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Quote:
Originally Posted by ocicat View Post
Likewise, you have not mentioned anything about X or ports.
I raise the question only for thoroughness. Since you haven't stated why you are wanting to "synch" source, I assume you are wanting it available for study reasons as most people don't compile the kernel, userland, or ports. Snapshots & packages are sufficient in many cases.

Installing the ports tree is also good for searching -- especially when the OpenPorts third-party site has been offline for nearly a week now.
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Old 4th September 2011
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You have installed the August 17 snapshot for i386. If you installed the X filesets at the same time, you have an X Windows system that is currently in sync with that snapshot.

As a convenience
, from time to time the Project builds "snapshot packages" of ports for the major architectures. These are located at most mirrors in /pub/OpenBSD/snapshots/packages/<arch>/. They will never be exactly in-synch with a snapshot, nor with -current (which is always beyond the latest snapshot.) Some rebuilding of individual ports by -current users is to be expected, from time to time.

This is about binary synchronicity only, and has nothing to do with source code. -current source code changes constantly, except for brief windows twice per year as -releases are prepared. That window has already passed for 5.0-release, -current is beyond that point.

The source code is stored in three separate CVS repositories:

"src" -- the kernel and userland sources
"xenocara" -- the OpenBSD packaging of the X.Org source code
"ports" -- the ports tree, scaffolding for ported third party applications.

If you are a -current user, you have two choices:

Install a snapshot, and upgrade to a new snapshot whenever you feel the need.

Or, install a snapshot, then build -current from source.

For any source code building, keep your source repositories in sync with each other. That means, updated with the same tag (such as for -stable), or, if -current, updated from CVS within an hour or two of each other.
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Old 4th September 2011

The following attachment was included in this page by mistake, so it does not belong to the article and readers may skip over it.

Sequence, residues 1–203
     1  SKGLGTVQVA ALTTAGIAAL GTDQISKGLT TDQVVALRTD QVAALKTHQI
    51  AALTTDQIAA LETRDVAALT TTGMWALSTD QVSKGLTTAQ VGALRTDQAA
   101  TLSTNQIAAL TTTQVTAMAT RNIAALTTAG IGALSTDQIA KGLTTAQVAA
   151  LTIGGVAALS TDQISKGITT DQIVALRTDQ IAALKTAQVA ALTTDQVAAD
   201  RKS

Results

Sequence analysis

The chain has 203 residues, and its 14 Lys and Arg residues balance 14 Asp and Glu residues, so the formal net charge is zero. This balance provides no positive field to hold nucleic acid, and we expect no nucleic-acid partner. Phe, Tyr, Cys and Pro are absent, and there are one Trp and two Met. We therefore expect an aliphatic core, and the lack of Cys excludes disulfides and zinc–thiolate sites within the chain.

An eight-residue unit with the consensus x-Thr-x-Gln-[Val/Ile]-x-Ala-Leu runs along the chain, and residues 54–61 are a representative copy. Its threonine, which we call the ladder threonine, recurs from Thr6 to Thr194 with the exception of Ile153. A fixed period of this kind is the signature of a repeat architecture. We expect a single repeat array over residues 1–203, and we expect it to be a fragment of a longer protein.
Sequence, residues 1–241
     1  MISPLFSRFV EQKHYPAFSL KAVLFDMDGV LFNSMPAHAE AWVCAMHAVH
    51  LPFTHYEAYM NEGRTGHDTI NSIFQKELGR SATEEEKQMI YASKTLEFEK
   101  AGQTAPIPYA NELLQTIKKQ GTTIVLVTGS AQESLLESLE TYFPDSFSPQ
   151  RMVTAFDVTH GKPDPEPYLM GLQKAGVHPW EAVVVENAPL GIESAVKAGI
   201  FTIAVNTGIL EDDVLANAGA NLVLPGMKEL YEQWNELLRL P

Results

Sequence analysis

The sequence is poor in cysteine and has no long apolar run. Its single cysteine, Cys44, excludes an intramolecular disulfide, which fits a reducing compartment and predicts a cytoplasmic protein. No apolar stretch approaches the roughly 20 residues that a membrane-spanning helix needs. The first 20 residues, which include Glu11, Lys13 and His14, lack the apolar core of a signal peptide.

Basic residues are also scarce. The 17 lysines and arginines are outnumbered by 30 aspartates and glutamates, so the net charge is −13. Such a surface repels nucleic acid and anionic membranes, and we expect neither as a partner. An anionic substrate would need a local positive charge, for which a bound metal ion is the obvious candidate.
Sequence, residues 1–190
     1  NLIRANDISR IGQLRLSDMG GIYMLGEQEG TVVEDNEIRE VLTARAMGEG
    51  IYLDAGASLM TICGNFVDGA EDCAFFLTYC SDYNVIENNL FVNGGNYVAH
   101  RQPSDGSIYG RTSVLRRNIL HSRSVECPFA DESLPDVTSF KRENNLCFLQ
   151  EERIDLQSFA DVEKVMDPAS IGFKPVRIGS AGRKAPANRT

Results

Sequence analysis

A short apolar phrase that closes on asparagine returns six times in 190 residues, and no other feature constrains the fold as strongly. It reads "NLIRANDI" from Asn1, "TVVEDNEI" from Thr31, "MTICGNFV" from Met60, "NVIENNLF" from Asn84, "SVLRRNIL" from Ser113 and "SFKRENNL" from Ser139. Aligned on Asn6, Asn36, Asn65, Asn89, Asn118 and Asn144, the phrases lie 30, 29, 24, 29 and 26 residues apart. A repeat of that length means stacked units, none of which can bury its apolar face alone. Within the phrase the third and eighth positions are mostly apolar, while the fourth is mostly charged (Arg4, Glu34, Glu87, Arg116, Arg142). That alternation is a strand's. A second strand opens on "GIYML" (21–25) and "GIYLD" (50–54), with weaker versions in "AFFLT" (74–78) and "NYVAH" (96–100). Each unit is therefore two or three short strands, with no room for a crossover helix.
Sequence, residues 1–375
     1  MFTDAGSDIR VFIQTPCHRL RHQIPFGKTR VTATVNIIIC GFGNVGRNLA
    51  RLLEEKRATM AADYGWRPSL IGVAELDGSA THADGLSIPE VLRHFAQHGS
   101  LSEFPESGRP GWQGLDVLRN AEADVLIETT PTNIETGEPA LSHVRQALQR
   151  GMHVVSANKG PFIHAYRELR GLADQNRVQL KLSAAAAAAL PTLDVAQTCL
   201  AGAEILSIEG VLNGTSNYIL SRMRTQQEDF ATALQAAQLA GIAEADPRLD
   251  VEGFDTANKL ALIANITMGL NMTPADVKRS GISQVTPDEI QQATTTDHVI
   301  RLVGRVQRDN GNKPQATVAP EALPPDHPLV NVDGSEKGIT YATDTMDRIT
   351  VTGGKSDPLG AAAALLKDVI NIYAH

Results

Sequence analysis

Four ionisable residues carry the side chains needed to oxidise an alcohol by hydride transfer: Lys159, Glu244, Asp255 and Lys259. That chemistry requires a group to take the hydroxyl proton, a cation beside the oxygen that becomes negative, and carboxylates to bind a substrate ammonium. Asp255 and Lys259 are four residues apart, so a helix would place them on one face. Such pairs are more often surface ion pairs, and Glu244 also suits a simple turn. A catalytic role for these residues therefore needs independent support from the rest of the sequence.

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Just out of curiosity, when you used cvs to checkout the latest source tree.. you do realize that you have to compile it if you want to stay updated that way, right?

Doing it that way is technically not supported, upgrading to new snapshots is the preferred method.. keep using the snapshot you installed until another is available.
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Old 4th September 2011
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Quote:
Originally Posted by BSDfan666 View Post
Just out of curiosity, when you used cvs to checkout the latest source tree.. you do realize that you have to compile it if you want to stay updated that way, right?
This raises the question which is confusing all of us, sepuku. Why are you wanting source?
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Quote:
Originally Posted by BSDfan666 View Post
Doing it that way is technically not supported, upgrading to new snapshots is the preferred method.. keep using the snapshot you installed until another is available.
If sepuku installed the August 17 snapshot build, & downloaded source (even if done today...), building is supported according to the table in Section 5.3.2. The August 17 snapshots (for i386 & amd64...) are the latest made available for these platforms.
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Old 4th September 2011
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If you're just looking to run bleeding edge on some port, installing a snapshot is usually sufficient. Really, you don't need /usr/{src,ports,xenocara} unless you're *compiling* -CURRENT, as has already been pointed out.

To get the latest xxxterm pkg, all you have to do is upgrade to the latest snapshot, then point your PKG_PATH to pub/OpenBSD/snapshots/packages/`machine`/ on your favorite mirror, and pkg_add -ui. The only way to run more bleeding edge than that is to use uncommitted port updates that are published on ports@ (which requires /usr/ports to be installed, but not src or xenocara).
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Old 5th September 2011
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Quote:
Originally Posted by rocket357 View Post
If you're just looking to run bleeding edge on some port, installing a snapshot is usually sufficient. Really, you don't need /usr/{src,ports,xenocara} unless you're *compiling* -CURRENT, as has already been pointed out.

To get the latest xxxterm pkg, all you have to do is upgrade to the latest snapshot, then point your PKG_PATH to pub/OpenBSD/snapshots/packages/`machine`/ on your favorite mirror, and pkg_add -ui.
Ahhhh the part i never thought was changing the pkg_path.That's why pkg_add -ui would not work for me so far. :/